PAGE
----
Re: security implications (was Re: Proposal: restrict link(2))

Keith Rohrer (
Mon, 16 Dec 1996 01:59:52 -0600 (CST)

> So what have I learned:
> o /tmp and /home and /usr should be on different partitions
If you can manage it. You'd likely want to make /home separate to save
hassle when upgrading/re-installing the system. /tmp being on its own
filesystem can prevent some denial of service attacks.

> o I should run ls -i on all setuid binaries periodically (especially
> /before/ upgrading). (Perhaps?)
Something that gives not only the inode number (presumably this will
change if someone gets root and replaces programs rather than being
sneaky about it and rewriting them), timestamp, and size, but also the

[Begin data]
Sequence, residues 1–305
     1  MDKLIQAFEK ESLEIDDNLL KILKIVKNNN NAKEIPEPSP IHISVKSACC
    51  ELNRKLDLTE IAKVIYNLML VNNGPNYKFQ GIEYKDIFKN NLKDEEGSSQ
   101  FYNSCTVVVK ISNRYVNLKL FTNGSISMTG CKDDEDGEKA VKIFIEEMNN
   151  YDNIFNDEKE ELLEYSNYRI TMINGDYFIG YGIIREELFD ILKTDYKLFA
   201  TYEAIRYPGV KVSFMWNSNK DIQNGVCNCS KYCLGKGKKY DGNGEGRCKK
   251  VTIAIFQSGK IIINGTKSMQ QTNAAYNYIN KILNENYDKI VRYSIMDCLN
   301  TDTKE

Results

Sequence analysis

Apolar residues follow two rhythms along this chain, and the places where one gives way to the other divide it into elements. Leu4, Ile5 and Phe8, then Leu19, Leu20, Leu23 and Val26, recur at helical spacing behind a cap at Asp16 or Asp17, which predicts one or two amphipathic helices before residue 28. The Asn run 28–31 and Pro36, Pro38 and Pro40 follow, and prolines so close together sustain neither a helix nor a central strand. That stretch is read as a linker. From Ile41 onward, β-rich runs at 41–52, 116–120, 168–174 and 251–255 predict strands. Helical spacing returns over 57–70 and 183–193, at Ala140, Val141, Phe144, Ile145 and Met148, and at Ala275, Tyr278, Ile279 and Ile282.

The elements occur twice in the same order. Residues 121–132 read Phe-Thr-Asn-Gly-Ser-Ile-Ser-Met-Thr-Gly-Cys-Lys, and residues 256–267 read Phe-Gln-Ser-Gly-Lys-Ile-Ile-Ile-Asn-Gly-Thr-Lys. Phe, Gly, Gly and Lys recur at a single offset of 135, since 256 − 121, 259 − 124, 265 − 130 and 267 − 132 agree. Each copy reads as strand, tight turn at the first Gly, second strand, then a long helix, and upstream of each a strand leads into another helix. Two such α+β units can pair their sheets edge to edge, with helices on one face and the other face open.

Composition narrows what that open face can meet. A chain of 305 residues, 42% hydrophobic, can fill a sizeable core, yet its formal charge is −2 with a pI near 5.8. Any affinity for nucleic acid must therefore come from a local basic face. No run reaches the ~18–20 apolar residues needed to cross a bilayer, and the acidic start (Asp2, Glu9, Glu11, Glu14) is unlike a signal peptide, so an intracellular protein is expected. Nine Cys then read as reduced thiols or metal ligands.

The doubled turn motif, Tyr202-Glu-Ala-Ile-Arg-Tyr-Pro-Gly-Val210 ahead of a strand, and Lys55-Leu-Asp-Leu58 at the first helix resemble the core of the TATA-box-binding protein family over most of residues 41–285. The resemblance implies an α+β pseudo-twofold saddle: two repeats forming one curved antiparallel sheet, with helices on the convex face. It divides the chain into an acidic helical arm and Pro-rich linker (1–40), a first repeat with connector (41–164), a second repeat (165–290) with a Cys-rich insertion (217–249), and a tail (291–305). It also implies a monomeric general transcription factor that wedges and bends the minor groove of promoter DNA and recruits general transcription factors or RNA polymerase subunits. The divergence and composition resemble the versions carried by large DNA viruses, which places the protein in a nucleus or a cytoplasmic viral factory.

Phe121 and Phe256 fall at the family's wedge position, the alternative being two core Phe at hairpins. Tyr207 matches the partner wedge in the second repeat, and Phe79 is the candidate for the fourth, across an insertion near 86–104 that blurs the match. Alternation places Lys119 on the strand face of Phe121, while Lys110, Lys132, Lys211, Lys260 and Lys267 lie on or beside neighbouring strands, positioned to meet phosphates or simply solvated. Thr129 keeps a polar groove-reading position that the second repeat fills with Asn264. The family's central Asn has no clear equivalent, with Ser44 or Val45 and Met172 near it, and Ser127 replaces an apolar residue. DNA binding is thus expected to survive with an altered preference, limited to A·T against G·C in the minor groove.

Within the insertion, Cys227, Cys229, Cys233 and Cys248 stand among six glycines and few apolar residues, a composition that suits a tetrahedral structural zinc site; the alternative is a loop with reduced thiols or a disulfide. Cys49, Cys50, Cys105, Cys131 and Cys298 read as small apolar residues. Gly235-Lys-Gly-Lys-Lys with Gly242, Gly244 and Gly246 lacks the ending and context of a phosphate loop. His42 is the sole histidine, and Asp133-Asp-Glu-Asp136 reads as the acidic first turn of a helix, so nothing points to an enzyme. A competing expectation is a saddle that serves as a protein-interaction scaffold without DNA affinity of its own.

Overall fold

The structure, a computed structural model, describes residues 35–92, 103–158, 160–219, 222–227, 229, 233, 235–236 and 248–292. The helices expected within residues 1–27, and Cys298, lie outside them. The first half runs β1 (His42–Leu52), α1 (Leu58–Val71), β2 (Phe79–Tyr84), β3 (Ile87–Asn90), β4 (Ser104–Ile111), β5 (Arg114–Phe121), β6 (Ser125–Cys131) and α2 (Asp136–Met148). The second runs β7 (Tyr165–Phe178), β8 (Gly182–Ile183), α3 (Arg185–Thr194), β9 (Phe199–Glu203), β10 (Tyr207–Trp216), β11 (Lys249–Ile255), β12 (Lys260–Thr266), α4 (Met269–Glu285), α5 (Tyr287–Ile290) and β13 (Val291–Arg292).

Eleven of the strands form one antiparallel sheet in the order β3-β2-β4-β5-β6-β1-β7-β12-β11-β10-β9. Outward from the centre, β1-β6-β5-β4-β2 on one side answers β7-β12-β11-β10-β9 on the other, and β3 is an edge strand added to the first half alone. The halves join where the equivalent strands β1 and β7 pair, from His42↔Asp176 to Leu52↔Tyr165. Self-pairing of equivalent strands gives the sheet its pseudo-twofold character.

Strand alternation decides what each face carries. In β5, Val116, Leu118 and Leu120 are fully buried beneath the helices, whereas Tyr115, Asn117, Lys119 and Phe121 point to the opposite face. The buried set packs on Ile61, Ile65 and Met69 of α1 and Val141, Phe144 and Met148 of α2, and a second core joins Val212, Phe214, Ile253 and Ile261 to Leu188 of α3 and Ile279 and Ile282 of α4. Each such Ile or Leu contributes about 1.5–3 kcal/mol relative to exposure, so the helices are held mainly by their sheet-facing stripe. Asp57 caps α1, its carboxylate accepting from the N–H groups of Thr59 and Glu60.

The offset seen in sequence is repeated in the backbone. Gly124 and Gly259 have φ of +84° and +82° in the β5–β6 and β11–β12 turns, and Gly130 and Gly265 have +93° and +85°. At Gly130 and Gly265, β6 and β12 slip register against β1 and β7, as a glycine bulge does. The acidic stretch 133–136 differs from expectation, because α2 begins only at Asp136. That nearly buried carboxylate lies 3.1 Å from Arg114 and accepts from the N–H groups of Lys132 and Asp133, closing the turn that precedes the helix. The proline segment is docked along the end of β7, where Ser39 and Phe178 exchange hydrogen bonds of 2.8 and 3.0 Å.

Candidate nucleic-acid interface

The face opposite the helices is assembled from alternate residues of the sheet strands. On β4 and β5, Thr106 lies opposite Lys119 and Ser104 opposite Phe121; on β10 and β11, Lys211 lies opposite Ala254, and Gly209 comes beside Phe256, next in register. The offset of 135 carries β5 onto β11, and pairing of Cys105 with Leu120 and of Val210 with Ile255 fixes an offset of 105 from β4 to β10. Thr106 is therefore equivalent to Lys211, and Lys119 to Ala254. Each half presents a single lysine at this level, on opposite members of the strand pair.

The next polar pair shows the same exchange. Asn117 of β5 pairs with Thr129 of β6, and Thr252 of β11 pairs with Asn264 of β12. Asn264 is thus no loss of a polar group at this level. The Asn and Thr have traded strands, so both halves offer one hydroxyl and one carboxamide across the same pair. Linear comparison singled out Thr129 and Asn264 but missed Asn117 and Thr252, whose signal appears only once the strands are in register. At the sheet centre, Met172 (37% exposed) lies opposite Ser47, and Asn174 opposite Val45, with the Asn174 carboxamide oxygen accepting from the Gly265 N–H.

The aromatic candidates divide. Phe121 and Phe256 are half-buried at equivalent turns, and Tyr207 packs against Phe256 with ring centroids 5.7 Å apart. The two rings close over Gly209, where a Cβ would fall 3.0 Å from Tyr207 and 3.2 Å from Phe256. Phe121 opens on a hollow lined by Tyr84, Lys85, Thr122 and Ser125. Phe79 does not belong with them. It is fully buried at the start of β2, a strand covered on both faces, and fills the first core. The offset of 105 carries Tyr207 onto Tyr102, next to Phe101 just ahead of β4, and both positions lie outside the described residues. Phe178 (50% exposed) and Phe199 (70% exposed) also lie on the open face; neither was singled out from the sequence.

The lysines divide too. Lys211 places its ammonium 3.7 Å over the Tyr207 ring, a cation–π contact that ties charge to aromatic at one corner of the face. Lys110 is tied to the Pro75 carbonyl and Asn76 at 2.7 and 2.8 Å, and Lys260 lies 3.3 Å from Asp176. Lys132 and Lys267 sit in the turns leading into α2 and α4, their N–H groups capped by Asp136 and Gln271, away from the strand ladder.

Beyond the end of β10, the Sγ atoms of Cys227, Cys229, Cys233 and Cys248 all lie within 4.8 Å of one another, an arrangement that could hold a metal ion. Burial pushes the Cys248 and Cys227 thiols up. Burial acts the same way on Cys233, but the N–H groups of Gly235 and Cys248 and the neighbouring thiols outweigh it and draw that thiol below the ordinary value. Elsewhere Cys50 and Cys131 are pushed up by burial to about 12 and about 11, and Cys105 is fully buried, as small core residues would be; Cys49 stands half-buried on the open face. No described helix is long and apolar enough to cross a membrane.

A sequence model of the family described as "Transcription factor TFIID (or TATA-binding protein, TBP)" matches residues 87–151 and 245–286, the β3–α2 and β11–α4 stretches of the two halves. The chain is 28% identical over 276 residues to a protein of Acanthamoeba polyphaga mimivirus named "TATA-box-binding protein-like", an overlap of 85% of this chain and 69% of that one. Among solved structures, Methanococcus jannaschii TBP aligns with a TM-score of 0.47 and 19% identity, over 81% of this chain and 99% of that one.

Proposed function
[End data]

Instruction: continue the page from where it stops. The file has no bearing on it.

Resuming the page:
link count...

> o I need to really pay attention to the output of my script that reports
> all setuid files on the system looking for any setuid files that I
> didn't put there (especially ones outside /bin and /usr).
No duh. :-)

> o Maybe there /is/ a security issue here that should be fixed? Or is
> it just another gotcha that careful admins avoid by diligently
> examining my previous point?
Actually, there is. install, or scripts which use it to install suid
binaries, should (according to the hole you just found) zero out the old
file and/or warn about extra hard links before installing the new copy.
In the general case it doesn't matter (though it should warn about extra
links to the old version anyway), and in some cases there are hard links
to not zero out (e.g. emacs used to install as emacs and emacs-version.number
with hard links, so doing this would ruin the old "backup" binary).

Does anyone know if tripwire checks the link count? I'd hope it does...